The rising TMS is the starting point. Now consider that the Fed is getting up into the $Trillions in liabilities following Ben Bernanke's theories on battling deflation, and there is no doubt that we are inflating. But we are deflating as well. Money is growing exponentially to try to meet the debts that grew exponentially for decades under the guise of a supposedly sound monetary system. Money supply is rising and this money will find its way into the most precious of assets even as the deflation threat keeps many people perceiving safety in cash and government debt.
What the Fed is trying to do is instill confidence that would theoretically carry the ball the rest of the way for the completed 'Hail Mary'. What they will actually do is blow another in a long line of bubbles, and that bubble may include some commodities, but this being a monetary event on a grand and macro scale, the most likely bubble is... Beuller? Yes, it will be a bubble in the ancient monetary relic from the past, at least in its ratio to everything else, which would translate to well, gold for the bottom lines of the companies that dig it out of the ground. This would all take place as the public slowly realizes how royally their compliance to conventional wisdom has led them astray and as gold rises in all currencies and against all other assets.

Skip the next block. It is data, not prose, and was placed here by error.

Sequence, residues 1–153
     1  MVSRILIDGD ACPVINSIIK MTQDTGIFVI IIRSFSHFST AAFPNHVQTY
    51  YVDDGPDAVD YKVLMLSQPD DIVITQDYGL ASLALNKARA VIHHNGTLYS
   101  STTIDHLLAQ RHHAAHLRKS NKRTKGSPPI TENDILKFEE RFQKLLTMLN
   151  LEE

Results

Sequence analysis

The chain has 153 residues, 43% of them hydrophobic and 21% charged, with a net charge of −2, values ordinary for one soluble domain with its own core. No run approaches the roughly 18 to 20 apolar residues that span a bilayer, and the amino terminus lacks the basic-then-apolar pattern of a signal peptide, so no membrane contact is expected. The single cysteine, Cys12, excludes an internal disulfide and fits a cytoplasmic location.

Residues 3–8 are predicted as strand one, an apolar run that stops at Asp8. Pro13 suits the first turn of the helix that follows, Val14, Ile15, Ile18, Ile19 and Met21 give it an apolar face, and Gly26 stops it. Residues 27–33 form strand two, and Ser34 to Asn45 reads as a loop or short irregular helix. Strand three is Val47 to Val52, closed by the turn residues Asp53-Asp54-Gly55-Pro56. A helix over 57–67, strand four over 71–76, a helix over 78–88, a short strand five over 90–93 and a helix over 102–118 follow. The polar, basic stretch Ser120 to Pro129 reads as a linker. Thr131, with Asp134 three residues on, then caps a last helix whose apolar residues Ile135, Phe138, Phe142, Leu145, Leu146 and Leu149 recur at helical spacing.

That is the longer term. In the short term, as you know, I have been bullish on oil and other positively correlated (to 'hope' and the economy) commodities for a several weeks now. But this is a trade only. The battle between inflation and deflation is likely to grind on for a long while before it transitions into a MOAIP (mother of all inflation problems). Maybe as long as it takes the large, potential rising wedge in the US dollar (shown later in the report) to play out.
Instinct is telling me that the usual suspects - the ones who remained trapped aboard the peak oil and energy mania straight on through the initial deflation impulse of the last several months - are more than ready to begin pumping commodities once again. NFTRH is now looking ahead to targets for a top in oil, industrial metals and most importantly, the Silver-Gold ratio, also discussed later in the report. Gold will likely be an underperformer for as long as the hopeful and bullish condition - actually a resetting of sentiment - persists.
If you are reading this newsletter, it is likely because you are not looking for reinforcement of popular beliefs. You are looking for an edge of some sort, a different vantage point. It is helpful not to think in terms of inflation or deflation, but rather in terms of a big picture in which the perceptions of the old world are slated for the scrap heap as we slowly and painfully transition into the new normalcy, while two compelling forces go head on in a battle that is likely to one day end the very system in which they hold sway.